The circle on the ringed crosses have been explained as a symbol of eternity as long as anyone can remember. It has meant that as long as the ringed cross has had meaning as a Celtic Christian symbol. But this is only the most common of several meanings.


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Síochán leat,
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Rindy 
Posted: 08-Jan-2005, 05:43 PM
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This is what I came up with:

The meaning of the Celtic Cross is told in legend of Ireland's St. Patrick. He was shown a sacred standing stone that was marked with a circle. St. Patrick took this opportunity to show the union of old and new ways. He marked a cross through the circle and blessed the stone.

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Avonlea22 
Posted: 08-Jan-2005, 06:44 PM
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Well, I'll put in my .02 cents worth, being non-Christian.

I've always loved Celtic crosses. Not for what they represent, but just because I think they are beautiful. I think when I finally pass on, I want to be cremated, beautiful I were to ever change my mind and decide on being buried, i'd want a Celtic cross as my headstone. To me, it shows I'm of Irish descent, and proud of it.


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dragonboy3611 
Posted: 08-Jan-2005, 08:05 PM
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Well the christian religion wasn't the first thing out there! I don't know if celts were or what, but I believe the pagan belief was along before the christian one. Possibly this symbol started out to be pagan, but than was "converted" to be a christian icon to the eyes of certain people.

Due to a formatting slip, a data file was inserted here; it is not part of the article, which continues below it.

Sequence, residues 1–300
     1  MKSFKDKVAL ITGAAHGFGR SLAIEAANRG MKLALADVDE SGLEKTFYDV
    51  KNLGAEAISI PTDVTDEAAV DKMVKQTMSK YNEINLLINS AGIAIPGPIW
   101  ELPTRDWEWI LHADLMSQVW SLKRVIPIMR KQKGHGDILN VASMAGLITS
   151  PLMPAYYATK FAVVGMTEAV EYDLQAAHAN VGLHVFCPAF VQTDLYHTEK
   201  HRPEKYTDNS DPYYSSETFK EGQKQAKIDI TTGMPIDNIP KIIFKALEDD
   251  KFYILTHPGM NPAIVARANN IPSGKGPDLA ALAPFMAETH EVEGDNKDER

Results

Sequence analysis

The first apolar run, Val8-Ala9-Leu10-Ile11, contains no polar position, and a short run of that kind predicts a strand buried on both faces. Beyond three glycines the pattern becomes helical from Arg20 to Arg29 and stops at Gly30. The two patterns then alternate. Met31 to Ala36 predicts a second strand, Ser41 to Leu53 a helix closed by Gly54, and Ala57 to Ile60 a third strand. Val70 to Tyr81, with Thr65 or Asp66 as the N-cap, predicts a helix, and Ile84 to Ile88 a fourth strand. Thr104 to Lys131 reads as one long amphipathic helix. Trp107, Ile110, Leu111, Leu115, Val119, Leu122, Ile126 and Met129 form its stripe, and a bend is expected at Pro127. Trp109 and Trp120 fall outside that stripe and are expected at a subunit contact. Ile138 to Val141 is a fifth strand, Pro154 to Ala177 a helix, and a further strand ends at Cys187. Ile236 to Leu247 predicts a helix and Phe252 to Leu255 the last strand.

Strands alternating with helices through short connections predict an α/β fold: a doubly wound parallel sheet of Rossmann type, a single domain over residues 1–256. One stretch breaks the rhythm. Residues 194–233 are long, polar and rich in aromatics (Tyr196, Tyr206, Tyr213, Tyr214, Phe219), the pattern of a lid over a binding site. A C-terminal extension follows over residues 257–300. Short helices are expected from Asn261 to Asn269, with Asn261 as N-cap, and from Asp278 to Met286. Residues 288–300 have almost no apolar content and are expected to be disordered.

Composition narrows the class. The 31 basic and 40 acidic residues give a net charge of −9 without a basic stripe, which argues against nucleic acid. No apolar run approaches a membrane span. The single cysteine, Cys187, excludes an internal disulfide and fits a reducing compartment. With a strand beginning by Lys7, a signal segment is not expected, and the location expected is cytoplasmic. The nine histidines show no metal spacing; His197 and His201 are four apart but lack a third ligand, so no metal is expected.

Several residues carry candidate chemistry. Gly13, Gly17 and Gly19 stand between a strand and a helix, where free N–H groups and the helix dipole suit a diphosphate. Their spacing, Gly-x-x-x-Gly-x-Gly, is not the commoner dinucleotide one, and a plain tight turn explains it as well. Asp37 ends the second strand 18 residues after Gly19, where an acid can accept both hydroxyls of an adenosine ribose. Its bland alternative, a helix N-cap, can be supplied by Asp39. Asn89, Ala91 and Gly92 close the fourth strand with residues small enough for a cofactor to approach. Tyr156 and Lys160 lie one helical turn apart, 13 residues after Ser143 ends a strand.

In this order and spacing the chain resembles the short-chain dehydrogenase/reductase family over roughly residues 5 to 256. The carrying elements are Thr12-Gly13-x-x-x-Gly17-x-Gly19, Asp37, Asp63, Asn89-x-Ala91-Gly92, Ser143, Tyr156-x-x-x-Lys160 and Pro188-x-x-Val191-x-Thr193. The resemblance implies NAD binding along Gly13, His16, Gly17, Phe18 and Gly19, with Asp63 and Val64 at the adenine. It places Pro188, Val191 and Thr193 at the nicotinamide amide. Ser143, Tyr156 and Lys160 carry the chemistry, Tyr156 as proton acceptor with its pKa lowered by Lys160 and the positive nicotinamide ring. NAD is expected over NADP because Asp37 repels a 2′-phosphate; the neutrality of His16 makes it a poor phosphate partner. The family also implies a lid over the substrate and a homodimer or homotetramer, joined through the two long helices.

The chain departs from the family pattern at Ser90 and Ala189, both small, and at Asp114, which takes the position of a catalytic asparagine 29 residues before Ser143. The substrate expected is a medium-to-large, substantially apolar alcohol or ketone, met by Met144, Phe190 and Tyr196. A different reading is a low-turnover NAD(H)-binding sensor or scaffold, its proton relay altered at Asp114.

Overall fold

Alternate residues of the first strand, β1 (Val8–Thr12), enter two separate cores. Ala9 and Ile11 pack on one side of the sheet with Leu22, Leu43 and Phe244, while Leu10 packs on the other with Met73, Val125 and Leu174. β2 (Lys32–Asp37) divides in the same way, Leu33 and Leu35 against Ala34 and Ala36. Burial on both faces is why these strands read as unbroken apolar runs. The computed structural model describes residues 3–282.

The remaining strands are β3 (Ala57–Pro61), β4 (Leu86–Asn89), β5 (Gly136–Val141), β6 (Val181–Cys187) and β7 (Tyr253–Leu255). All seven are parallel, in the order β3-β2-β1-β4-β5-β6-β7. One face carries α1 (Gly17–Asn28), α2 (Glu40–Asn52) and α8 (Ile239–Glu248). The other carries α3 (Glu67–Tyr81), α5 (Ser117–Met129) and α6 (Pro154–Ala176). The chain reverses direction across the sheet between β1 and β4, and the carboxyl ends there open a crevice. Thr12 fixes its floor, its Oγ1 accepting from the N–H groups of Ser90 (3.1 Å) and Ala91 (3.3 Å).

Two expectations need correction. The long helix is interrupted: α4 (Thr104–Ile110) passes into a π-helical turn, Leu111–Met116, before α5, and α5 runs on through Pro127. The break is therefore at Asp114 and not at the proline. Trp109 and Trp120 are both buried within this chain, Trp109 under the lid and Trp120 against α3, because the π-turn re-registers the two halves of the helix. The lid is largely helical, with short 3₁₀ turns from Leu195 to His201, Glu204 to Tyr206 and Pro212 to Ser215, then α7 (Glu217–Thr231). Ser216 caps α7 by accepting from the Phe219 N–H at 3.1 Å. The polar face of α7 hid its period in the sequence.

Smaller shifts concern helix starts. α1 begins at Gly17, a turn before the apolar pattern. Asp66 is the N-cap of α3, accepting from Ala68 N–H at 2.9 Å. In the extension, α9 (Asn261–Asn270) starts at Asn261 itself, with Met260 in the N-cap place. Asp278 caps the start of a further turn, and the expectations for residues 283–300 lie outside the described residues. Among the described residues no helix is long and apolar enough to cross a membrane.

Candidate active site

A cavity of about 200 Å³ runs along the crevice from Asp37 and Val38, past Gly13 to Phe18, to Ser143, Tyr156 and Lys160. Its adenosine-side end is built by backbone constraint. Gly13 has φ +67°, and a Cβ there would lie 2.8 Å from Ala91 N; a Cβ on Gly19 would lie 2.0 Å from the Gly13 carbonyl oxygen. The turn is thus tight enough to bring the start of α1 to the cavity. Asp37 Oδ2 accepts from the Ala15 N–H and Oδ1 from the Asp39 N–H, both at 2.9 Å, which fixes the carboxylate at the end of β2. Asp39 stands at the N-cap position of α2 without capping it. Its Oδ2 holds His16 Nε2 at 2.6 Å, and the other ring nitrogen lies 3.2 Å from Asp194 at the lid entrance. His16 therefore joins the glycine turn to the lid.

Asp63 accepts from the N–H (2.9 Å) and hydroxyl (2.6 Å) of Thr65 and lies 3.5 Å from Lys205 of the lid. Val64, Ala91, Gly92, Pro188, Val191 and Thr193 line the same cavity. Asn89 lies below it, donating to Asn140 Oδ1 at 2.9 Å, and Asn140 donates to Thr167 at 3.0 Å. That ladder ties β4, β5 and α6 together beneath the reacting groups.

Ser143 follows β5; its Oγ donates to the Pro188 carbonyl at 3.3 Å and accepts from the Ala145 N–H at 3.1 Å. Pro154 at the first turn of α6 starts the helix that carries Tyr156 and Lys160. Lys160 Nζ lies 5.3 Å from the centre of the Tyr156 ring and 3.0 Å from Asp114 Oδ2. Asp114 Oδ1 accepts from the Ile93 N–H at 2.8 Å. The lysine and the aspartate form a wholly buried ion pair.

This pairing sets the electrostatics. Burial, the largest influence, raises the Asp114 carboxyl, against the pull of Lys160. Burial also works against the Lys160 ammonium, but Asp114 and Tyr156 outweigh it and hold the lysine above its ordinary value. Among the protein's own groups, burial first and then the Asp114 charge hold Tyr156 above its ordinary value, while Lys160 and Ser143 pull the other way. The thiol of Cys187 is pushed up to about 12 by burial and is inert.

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"Men at some time are masters of their fate"
Jul Caesar, Act i, Sc.2

"When sorrow comes, they come not single spies, but in battalions"
Hamlet, Act iv, Sc.5

"All that lives must die, passing through nature to eternity"
Hamlet, Act i, Sc.2
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Aaediwen 
Posted: 09-Jan-2005, 01:42 AM
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What I have heard on this somewhat mirrors what has been said here. There are many examples of Christianity 'borrowing' pagan symbols and of Patrick's use of them to teach of Christ and of the holy trinity to the pagan peoples. What I have heard was that this is a case of Christianity borrowing the pagan symbol for the sun, and adding it to their symbol of the cross, to help make it easier for people to understand and accept Christianity.


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gwenlee 
Posted: 09-Jan-2005, 12:20 PM
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Most of our Christian symbol have some sort of pagan orgin, and as others have said these symbols were used to explain the faith. I don't get hung on orgins unless it is outright sacreligious. Most of these things have been symbols of our Christian faith for so long that a lot of people are unaware of their orgins. If we get so prue in what is Christian then we might as well stop celebrating Christmas, and Easter. Both of these holidays have pagan orgins but we Christian have made them our holidays. So you can either get hung up on the orgins of Christian symbols or focus more on what our life as a Christian should be and how our lives reflects our beleif to those around us. With that in mind as a Christian I would wear or display a celtic cross.
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WizardofOwls 
Posted: 10-Jan-2005, 12:03 AM
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Thanks for your posts on this topic, everyone! I still have some mixed feelings about it, but I do feel a little better after reading your thoughts! I wish I could get Tassiecelt's opinions on it!
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Madadh 
Posted: 10-Jan-2005, 11:12 AM
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Wizard,

A lot of our christian symbols and holy days were borrowed/changed from their original meanings. This was a method that the early christian church used to help people come into the church. Some examples are the celtic cross, All Souls Day, St. Nick.


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WizardofOwls 
Posted: 10-Jan-2005, 11:19 AM